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CBI vs CBI: Extraordinary situations need extraordinary remedies, CVC tells SC

Press Trust of India  |  New Delhi 

Extraordinary situations need extraordinary remedies, the told the on Thursday during the hearing of Alok Verma's plea against the Centre's decision to divest him of powers and send him on leave.

Tushar Mehta, appearing for the CVC, referred to apex court judgements and laws governing the and said the Commission's superintendence (over the CBI) encompasses "surprise, extraordinary situations".

A bench headed by said K K told the court that circumstances culminating in the situation had started in July.

"Essence of the action must be in the interest of the institution," the bench said.

The top court said it was not that the fight between the and Special emerged overnight, forcing the to divest the without consulting the

It further said the has to be "fair" and asked what the difficulty was in consulting the before divesting the of his power.

"The essence of every government action should be to adopt the best course," the top court said.

The also asked the CVC what prompted it to take such an action since it was not something that happened overnight.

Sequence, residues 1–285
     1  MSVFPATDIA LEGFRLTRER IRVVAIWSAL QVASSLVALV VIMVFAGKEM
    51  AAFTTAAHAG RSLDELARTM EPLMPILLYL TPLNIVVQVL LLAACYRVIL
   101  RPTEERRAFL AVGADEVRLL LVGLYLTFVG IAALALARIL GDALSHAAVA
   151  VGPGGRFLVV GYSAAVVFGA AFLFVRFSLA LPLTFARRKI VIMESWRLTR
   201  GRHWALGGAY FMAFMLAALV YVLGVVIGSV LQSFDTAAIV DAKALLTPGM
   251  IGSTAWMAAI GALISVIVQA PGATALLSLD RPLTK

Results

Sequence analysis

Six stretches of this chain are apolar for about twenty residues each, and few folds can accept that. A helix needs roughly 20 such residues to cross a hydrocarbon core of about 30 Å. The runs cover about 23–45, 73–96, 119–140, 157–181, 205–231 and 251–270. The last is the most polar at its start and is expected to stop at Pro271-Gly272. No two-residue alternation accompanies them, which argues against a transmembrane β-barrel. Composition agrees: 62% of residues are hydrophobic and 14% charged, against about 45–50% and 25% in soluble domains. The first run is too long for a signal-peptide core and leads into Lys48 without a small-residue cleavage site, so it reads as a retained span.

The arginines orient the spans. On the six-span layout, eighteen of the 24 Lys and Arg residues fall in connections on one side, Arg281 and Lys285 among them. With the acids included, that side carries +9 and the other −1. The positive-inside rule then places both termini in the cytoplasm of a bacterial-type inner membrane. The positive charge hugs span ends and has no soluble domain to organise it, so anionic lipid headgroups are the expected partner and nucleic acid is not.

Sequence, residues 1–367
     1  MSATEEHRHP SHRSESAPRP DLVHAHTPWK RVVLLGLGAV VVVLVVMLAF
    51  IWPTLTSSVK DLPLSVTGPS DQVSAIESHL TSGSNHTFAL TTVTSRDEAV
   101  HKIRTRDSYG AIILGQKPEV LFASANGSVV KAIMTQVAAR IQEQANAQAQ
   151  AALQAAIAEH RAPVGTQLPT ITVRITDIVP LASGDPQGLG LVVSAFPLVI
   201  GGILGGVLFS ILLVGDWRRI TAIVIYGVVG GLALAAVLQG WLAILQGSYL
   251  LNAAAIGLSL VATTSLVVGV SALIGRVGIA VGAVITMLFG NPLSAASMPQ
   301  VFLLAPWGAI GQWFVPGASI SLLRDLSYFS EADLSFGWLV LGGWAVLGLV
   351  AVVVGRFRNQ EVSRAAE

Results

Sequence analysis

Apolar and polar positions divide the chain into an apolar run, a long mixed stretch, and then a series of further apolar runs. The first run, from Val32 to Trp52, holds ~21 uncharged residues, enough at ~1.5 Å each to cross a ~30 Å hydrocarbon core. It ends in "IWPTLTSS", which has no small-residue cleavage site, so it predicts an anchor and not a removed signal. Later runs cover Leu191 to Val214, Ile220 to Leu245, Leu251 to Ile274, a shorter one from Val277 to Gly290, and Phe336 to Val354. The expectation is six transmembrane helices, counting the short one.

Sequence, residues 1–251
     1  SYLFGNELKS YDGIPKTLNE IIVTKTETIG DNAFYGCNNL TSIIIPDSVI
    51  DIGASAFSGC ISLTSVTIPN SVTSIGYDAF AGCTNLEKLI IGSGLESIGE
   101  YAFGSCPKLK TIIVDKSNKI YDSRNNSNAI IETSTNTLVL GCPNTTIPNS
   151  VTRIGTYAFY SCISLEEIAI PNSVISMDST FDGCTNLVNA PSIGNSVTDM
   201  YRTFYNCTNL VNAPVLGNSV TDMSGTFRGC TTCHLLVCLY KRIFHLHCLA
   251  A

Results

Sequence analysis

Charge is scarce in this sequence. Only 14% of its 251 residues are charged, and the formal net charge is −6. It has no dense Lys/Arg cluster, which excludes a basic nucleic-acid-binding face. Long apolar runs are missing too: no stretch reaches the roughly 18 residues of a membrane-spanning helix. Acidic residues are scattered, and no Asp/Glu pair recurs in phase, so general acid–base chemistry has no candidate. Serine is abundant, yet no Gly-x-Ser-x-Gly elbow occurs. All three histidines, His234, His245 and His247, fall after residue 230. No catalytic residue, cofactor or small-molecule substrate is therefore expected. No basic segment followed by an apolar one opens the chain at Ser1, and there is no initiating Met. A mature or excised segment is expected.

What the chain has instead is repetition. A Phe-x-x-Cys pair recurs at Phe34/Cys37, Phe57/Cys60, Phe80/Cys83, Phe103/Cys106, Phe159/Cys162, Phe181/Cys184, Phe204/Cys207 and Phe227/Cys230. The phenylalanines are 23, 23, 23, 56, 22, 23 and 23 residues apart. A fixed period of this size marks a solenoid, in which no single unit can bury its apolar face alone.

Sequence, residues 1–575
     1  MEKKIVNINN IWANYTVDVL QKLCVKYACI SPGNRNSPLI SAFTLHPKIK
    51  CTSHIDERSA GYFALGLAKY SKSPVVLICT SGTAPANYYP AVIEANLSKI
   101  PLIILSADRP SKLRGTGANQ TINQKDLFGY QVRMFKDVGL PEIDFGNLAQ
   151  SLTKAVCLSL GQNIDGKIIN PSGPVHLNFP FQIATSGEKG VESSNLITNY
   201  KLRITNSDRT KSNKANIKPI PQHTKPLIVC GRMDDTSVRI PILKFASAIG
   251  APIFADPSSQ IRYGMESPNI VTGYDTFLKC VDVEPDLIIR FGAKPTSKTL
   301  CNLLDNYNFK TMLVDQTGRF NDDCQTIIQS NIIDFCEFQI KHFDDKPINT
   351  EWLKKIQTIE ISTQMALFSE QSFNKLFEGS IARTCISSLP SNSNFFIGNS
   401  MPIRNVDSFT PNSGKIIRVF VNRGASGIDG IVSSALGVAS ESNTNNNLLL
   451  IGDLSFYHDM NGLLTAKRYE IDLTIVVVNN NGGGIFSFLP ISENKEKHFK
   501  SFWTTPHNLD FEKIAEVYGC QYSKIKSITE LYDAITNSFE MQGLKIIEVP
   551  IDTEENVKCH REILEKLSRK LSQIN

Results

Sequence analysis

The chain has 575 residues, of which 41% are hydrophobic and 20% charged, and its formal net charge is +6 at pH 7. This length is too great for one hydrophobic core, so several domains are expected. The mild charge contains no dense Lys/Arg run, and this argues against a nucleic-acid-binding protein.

Mehta told the court that the top officers of the CBI, "instead of investigating cases, were investigating cases against each other".

He said the jurisdiction is vested in the CVC to inquire or else it would have been guilty of dereliction of duty. If it did not act, it would be answerable to the of and the Supreme Court, he added.

He said the reference for inquiry against the CBI director had been sent by the government.

"CVC started probe but Verma did not give documents for months", Mehta said.

Mukul Rohatgi, appearing for Asthana, told the apex court that he was a whistle-blower in the case, but was painted by the government with the same brush.

The government must take CVC inquiry against Verma to a logical end, he said.

Fali S Nariman, appearing for the CBI Director, said that the Centre's order took away all his powers.

He said that Section 16 of the Clauses Act deals with as to who can remove like the CBI Director and doesn't deal with divesting of powers of the

"The should have powers of Director. Tenure of two years does not mean that Director can have a visiting card with title, but without powers," submitted Nariman, in reference to AG's argument that Verma continues to be the agency Director.

The court then asked Nariman whether it can appoint someone, to which Nariman said, "yes".

The court was hearing the pleas of Verma, who is challenging the Centre's decision against him, and the NGO Common Cause, seeking a court-monitored SIT probe into allegations of corruption against various CBI officials, including Asthana.

(This story has not been edited by Business Standard staff and is auto-generated from a syndicated feed.)

First Published: Thu, December 06 2018. 14:30 IST
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